What's the fuss about? Parent presentations of fussy eating to a parenting support helpline

Holly A. Harris*, Bonnie Ria-Searle, Elena Jansen, Karen Thorpe

*Corresponding author for this work

Research output: Contribution to journalArticleAcademicpeer-review

24 Citations (Scopus)

Abstract

Objective To characterise parent presentations of fussy eating and mealtime interactions at a point of crisis, through analyses of real-time recordings of calls to a parenting helpline.Design Qualitative analysis included an inductive thematic approach to examine clinical parent presentations of fussy eating and derive underlying themes relating to mealtime interactions.Setting Calls made to the Child Health Line regarding feeding concerns were recorded and transcribed verbatim.Subjects From a corpus of 723 calls made during a 4-week period in 2009, twelve were from parents of children aged 6-48 months.Results Parents of infants (≤12 months, n 6) presented feeding concerns as learning challenges in the process of transitioning from a milk-based to a solid-based diet, while parents of toddlers (13-48 months, n 6) presented emotional accounts of feeding as an intractable problem. Parents presented their child's eating behaviour as a battle (conflict), in which their children's agency over limited intake and variety of foods (child control) was constructed as 'bad' or 'wrong'. Escalating parent anxiety (parent concern) had evoked parent non-responsive feeding practices or provision of foods the child preferred.Conclusions Real-time descriptions of young children's fussy eating at a time of crisis that initiated parents' call for help have captured the highly charged emotional underpinnings of mealtime interactions associated with fussy eating. Importantly, they show the child's emerging assertion of food autonomy can escalate parents' emotional distress that, in the short term, initiates non-responsive feeding practices. The current study identifies the importance of educational and emotional support for parents across the period of introducing solids.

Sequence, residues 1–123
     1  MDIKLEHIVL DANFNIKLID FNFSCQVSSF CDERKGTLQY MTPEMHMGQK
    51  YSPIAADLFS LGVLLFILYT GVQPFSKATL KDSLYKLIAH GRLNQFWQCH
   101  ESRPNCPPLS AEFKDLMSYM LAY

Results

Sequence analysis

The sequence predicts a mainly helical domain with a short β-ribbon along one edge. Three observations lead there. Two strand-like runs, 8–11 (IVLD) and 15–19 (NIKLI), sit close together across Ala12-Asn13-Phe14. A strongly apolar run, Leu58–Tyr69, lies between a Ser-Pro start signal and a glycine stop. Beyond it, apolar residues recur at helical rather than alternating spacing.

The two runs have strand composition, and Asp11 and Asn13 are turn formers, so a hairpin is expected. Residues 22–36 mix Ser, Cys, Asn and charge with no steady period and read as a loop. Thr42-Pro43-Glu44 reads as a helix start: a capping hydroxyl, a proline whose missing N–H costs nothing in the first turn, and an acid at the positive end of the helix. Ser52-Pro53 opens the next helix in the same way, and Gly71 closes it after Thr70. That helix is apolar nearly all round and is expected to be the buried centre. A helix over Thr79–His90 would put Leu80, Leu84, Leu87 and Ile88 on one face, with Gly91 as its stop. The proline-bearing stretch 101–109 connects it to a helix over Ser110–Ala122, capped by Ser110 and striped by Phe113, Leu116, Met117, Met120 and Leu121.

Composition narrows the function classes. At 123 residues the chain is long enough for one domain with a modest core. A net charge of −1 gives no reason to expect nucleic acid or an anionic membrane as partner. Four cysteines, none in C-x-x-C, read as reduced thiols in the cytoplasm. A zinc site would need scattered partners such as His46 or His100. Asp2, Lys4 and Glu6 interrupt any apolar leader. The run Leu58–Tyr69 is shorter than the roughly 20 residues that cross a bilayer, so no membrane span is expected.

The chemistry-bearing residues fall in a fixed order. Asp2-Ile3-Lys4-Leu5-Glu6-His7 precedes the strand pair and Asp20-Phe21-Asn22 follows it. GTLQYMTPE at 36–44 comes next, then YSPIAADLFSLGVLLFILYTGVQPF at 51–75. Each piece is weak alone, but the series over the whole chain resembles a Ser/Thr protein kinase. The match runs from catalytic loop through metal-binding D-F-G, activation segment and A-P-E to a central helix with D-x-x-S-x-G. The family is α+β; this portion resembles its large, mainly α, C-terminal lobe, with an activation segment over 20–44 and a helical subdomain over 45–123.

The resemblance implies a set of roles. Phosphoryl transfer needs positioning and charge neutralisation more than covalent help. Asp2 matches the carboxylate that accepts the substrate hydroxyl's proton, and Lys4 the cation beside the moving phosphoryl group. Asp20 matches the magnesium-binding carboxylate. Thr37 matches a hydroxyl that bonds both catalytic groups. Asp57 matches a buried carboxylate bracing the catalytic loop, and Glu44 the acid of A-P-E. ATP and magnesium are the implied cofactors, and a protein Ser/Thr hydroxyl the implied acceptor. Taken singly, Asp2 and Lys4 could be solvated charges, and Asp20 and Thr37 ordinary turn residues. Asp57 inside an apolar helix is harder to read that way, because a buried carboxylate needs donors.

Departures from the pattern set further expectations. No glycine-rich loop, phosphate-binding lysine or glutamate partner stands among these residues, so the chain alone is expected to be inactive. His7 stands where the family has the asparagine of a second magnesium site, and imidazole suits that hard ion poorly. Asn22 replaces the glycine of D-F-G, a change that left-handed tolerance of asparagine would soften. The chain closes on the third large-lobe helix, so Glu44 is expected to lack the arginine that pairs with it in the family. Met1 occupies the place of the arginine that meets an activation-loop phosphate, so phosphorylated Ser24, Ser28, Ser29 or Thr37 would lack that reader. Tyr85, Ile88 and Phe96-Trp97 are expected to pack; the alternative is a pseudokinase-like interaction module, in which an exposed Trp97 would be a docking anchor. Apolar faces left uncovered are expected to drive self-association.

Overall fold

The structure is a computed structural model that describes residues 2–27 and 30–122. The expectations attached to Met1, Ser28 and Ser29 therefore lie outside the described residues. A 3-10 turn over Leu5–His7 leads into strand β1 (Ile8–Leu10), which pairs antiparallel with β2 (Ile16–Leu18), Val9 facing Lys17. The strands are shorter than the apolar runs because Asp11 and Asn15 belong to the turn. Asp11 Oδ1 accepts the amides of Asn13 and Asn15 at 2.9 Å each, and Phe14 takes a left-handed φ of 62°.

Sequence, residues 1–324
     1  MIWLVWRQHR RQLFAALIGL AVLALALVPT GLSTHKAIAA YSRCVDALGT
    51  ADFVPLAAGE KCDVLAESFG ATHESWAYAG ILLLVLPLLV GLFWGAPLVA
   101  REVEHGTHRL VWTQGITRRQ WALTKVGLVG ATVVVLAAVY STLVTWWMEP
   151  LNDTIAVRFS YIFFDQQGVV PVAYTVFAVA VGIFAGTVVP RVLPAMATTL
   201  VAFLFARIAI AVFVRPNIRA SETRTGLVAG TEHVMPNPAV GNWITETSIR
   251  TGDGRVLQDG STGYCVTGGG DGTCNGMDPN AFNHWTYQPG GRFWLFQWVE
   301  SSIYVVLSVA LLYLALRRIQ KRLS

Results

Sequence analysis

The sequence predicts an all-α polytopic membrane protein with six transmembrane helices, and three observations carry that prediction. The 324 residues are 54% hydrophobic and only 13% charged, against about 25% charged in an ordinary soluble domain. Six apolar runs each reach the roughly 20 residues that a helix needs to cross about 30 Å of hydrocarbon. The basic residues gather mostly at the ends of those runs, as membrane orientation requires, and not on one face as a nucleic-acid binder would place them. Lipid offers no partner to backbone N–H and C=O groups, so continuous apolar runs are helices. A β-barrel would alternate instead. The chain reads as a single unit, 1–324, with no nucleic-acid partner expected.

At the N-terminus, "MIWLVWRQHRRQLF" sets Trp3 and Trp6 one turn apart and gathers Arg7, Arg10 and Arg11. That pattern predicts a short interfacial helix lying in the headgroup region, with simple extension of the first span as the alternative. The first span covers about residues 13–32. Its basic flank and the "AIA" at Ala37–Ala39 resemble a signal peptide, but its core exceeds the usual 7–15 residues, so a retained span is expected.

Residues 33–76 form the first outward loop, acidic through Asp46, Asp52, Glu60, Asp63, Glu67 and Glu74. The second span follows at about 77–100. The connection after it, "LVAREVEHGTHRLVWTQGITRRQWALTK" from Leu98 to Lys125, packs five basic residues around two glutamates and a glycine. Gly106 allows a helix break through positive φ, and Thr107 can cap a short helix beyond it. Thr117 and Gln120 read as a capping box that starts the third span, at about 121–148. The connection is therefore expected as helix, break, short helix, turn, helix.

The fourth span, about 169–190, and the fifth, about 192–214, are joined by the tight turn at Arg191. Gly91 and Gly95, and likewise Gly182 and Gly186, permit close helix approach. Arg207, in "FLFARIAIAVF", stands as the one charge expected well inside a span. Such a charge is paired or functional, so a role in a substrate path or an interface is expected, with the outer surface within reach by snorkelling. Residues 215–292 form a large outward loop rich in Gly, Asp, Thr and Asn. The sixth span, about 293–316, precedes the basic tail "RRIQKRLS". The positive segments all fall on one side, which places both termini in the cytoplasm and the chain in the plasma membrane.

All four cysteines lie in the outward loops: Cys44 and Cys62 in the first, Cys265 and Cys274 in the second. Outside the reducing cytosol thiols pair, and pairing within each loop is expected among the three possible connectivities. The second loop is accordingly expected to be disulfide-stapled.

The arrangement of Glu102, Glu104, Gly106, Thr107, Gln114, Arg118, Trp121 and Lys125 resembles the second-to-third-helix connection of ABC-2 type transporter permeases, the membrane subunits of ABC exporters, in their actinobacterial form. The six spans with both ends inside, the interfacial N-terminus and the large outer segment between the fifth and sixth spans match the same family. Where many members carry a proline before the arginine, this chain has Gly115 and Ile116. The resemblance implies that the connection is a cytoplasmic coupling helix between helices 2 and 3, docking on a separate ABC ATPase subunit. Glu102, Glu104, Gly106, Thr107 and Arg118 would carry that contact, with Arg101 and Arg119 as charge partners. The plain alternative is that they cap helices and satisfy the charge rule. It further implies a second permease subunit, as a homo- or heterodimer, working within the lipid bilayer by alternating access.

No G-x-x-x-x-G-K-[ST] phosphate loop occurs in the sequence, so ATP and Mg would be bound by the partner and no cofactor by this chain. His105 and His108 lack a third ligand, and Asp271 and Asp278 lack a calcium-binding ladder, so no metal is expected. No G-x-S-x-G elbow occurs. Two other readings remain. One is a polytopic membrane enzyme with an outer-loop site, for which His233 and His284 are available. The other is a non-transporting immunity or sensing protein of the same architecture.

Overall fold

Original languageEnglish
Pages (from-to)1520-1528
Number of pages9
JournalPublic Health Nutrition
Volume21
Issue number8
DOIs
Publication statusPublished - 1 Jun 2018

Bibliographical note

Funding Information:
Acknowledgements: The authors would like to acknowledge the nurses and parent callers who consented to participate in this study. Financial support: Data collection for the Calling for Help study was supported by a grant from the Royal Children’s Hospital Foundations and Perpetual Trustees (K.T). H.A.H. is funded by the Research Training Program Award. B.R.-S. is funded by the Queensland University Technology Vacational Research Experience Scheme. The funding bodies had no role in the design of the study; collection, analysis and interpretation of data; and writing the manuscript. Conflict of interest: The authors declare that they have no competing interests. Authorship: H.A.H. led the conceptualisation of the design of the study, analyses and interpretation of the data, and critically reviewed and revised the manuscript. B.R.-S. contributed to the conceptualisation of the study design, performed the initial analysis and interpretation of the data, and drafted the first manuscript. E.J. contributed to the conceptualisation of the design of the study, assisted in the analyses and interpretation of results, and critically reviewed and revised the manuscript. K.T. supervised the study, made substantial contributions to the acquisition of data, contributed to the conceptualisation and study design, mentored the analyses and interpretation of the results, and critically reviewed and revised the manuscript. All authors read and approved the final manuscript as submitted. Ethics of human subject participation: Ethical approval was obtained from the Queensland University of Technology Human Research Ethics Committee (1600000045) and the Royal Brisbane Woman’s Hospital Ethics Committee (approval number 4121H). Verbal consent was obtained from all of the participants and formally recorded. Under the ethics agreement, nurses and callers were able to withdraw calls.

Publisher Copyright:
© The Authors 2018.

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